The ongoing civil war in Syria and the ensuing flood of migrants into Europe and other countries have been at the top of the media's "talk about it" list the last few months.
With the global society finally starting to get a grasp on the full scale of the refugee crisis, and organizations like the United Nations and The American Near East Refugee Aid, ANERA, working tirelessly to soothe the flood of displacement and provide, there seems to be a blossoming hope for the millions who are suffering in the wake of this global disaster.
However, when we take a close look at some of these helpful hands, we don't always find the best examples of humanitarian relief. The United Nations and Relief Works Agency for Palestine Refugees in the Near East, UNRWA, announced an $81 million dollar deficit leading to cuts in much needed areas such as housing and medical treatments for Palestinian refugees.
The results of this deficit have already been traumatically impactful. A 23-year-old Palestinian refugee in Lebanon named Omar Khudeir, who suffers from a hereditary blood disorder, self-immolated outside of a health clinic in protest of UNRWA healthcare cuts which made him unable to afford hospitalization costs at the Burj al-Shemali camp in Tyre, Southern Lebanon.
Protests in Lebanon escalated the day after Khudeir set himself on fire; people gathered outside the office of the UNRWA's director and surrounding clinics and schools to protest the unfair aid cuts.
Many others like Khudeir are now suffering from lack of medical attention and housing because of what the UNRWA explains as "lack of funding from international donors."
This is a sad and tragic wake up call, not only for UNRWA, but for donors on an international scale. The current budget fall is related to several things, including aid "trends" and alleged misuse of donations by the organization itself.
Most of today's marketing in terms of donating to the refugee crisis focuses on Syria. The idea behind the "what bleeds leads" is dangerous because those that have been affected for years tend to fall to the wayside, forgotten. The refugee crisis is not new. But the way the world hears about it is changing every day since the upsurge of social media and the "everyday journalist."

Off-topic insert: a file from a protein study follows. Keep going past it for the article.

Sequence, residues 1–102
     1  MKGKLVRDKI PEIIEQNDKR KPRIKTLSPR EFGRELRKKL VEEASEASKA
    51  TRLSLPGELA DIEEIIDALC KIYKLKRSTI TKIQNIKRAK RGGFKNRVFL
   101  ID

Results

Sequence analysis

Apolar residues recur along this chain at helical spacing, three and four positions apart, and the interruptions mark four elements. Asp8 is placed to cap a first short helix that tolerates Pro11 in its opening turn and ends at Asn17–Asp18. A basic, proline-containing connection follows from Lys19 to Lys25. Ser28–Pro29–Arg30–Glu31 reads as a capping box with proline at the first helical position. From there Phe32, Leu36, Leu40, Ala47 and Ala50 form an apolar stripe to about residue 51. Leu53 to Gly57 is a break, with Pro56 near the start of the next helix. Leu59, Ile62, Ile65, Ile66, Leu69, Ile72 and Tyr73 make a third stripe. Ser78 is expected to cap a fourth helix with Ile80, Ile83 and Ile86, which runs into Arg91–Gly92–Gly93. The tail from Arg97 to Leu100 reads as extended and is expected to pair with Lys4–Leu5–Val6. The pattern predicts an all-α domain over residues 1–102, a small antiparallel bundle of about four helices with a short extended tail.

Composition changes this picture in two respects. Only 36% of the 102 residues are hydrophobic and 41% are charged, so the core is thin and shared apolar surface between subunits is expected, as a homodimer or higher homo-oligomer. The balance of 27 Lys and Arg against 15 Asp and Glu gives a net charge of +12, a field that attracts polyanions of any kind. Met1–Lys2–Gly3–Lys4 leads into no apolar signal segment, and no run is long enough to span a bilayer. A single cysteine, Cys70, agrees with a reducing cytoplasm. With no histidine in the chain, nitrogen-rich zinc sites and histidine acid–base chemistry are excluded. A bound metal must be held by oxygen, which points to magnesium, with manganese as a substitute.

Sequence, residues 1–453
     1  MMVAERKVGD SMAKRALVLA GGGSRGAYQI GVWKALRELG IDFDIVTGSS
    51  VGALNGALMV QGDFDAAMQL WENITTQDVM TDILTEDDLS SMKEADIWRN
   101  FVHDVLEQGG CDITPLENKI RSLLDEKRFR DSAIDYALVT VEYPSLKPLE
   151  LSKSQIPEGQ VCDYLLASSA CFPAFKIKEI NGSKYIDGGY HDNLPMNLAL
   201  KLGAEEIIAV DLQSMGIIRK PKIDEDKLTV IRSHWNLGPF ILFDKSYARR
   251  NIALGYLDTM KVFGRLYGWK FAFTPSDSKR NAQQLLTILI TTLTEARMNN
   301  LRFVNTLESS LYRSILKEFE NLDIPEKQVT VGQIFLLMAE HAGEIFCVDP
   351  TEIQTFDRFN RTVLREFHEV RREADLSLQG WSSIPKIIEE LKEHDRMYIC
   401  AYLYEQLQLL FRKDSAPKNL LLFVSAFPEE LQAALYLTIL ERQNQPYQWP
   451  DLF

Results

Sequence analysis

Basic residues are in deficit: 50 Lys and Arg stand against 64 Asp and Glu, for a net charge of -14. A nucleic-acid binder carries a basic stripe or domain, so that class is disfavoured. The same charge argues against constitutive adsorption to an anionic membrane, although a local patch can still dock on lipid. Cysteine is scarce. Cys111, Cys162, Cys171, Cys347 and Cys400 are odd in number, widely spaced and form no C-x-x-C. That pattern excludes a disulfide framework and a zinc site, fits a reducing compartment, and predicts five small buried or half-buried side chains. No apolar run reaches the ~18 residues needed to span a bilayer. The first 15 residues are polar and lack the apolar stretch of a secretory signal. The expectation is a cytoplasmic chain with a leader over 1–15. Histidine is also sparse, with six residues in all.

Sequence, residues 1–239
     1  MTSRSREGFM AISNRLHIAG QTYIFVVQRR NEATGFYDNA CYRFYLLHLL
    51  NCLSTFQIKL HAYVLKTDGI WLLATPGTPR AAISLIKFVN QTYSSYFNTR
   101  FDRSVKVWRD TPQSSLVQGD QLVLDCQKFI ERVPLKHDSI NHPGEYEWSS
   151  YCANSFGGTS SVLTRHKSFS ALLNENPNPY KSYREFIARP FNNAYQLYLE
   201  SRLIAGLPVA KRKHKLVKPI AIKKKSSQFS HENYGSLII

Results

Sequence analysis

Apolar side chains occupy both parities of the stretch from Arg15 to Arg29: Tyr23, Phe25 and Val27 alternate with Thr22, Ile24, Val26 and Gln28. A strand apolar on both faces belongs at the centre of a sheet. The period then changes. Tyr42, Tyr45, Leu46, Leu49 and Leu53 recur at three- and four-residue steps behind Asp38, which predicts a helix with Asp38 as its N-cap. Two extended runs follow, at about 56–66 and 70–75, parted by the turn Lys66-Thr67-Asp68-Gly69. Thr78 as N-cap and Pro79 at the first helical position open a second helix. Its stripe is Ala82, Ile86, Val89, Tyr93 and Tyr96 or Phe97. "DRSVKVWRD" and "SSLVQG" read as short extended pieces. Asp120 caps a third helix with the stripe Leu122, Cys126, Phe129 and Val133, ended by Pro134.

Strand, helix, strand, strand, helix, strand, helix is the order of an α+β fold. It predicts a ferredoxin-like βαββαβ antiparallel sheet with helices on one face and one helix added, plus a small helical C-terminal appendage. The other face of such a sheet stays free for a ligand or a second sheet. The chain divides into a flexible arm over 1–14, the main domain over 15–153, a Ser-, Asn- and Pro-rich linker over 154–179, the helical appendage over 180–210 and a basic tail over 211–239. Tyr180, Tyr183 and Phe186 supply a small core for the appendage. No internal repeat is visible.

On July 26, 2015 the UNRWA published an article about the dire need of financial donations.
"I am alarmed that our current funding crisis may force us to consider a delay in the start of the school year," said UNRWA Commissioner-General Pierre Krähenbühl.
When the article was published the UNRWA had enough capital to finish out 2015 financially strong. However, the outlook for 2016 was grim, with good cause. "The funding is insufficient to guarantee the stable provision of its education services from September onwards," the article stated. So it's not only medical and housing that is in severe danger, educational services are being scaled back to quell the deficit.
When choosing a crisis to assist, donors need to look at more than what's being broadcast on the news and blasted on social media that day. Donors need to remember those who have been affected by the disaster for decades and have suffered for years without hope.
One also needs to look within the organization itself. UNRWA has been flagged in the past for their lax screening processes, and most recently for their lack of any anti-fraud system, which is imperative for employees to whistle blow and report suspicious activity. That means that anyone soliciting donations or those employed in the financial department could feasibly skim money wherever and however they deem fit.
In this letter dated 30 June 2014 signed by Sir Amyas C. E. Morse Comptroller and Auditor General of the United Kingdom of Great Britain and Northern Ireland, addressed to the President of the General Assembly, it is stated that: "UNRWA does not have an anti-fraud policy document that guides management in addressing risks of fraud at all levels of UNRWA operations. An organization-wide anti-fraud policy is vital if UNRWA staff are to understand the actions to be followed when investigating fraud and other corrupt practices. An anti-fraud policy should clearly outline the principles and procedures that employees should follow in reporting suspected fraud or corruption, and set out the channels employees should use to report any concerns."